When you think "natural disaster," windstorms, floods, and even wildfires likely come to mind. But another danger may be lurking right under your feet. Landslides cause more than $1 billion in property damage every year in the United States.
Do you know how to minimize your risks? And if the worst does happen, do you understand what is and isn’t covered by your homeowners insurance?
Don’t trigger a landslide
While record-breaking rainstorms and rapid snowmelt often prompt landslides, man-made conditions can set the stage. To make slopes less vulnerable:
Channel water from surface runoff, downspouts, and driveways AWAY from slopes and into storm drains or natural drainages.
Maintain water and sewer lines to prevent leaks.
Minimize irrigation on and above slopes.
Don’t excavate dirt and rocks from the base of slopes.
Don’t dump fill dirt at the top or sides of slopes
Plant groundcover with deep roots on slopes.
Build retaining walls at the base of slopes.
We can help you find coverage
Like virtually all homeowners policies sold in the United States, your PEMCO policy generally excludes coverage for landslides. We can pay to repair your home only if the damage resulted from a covered loss.
You don’t have to go it alone, though. If you’re concerned about landslides, call us. We can help you find coverage (called a “Difference in Conditions” policy) through another company that specializes in that risk. Policies vary, but they typically offer all-in-one coverage for landslides, mudflows, earthquakes, and floods. Based on your risk (proximity to a cliff, the degree of slope on your property), you could expect to pay $1,000 or more per year to cover a $300,000 home. To learn more about a Difference in Conditions policy, call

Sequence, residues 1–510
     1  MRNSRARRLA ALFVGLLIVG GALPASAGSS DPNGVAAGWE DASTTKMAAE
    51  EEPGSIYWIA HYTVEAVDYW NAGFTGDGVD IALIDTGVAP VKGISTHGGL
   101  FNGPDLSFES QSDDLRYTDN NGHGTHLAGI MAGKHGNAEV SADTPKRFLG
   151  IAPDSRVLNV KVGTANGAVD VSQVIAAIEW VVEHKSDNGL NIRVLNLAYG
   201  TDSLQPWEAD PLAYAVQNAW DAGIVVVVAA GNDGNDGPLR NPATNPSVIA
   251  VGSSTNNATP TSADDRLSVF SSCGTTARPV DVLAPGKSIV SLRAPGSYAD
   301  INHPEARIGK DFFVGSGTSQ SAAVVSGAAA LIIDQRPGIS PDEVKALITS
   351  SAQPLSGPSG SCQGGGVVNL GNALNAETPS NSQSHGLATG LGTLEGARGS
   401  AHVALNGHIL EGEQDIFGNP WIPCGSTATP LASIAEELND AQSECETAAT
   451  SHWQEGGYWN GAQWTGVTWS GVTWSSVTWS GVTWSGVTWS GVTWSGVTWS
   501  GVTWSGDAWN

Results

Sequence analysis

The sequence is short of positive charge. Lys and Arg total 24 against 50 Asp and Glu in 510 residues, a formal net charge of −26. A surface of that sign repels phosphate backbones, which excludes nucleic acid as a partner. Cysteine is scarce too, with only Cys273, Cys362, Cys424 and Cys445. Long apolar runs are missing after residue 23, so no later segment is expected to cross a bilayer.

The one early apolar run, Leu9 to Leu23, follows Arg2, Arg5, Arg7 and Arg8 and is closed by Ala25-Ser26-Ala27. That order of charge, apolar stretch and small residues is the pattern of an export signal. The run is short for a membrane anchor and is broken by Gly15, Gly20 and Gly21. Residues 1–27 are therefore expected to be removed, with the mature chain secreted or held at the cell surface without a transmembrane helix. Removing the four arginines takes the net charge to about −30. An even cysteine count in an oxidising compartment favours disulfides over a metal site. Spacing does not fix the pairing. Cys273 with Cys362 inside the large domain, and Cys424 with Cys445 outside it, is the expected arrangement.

1-800-GO-PEMCO or contact your local PEMCO agent.
Tipoffs to trouble
Don’t ignore these warning signs of soil instability:
Arc-shaped cracks in the ground
Leaning trees, fence posts, or utility poles
Trees with bent trunks at the base (indicating the tree has adjusted its growth to remain upright on slowly shifting soil)
Large open cracks in retaining walls, driveways, and sidewalks
Doors or windows that stick or jam
Cracks in plaster or tile
Concrete stairs pulling away from the building
Bulging ground at the base of a slope
A geotechnical engineer or qualified engineering geologist can help you assess the likelihood of a damaging slide. For help in finding an expert, contact the State Department of Ecology or your local extension office or public works department.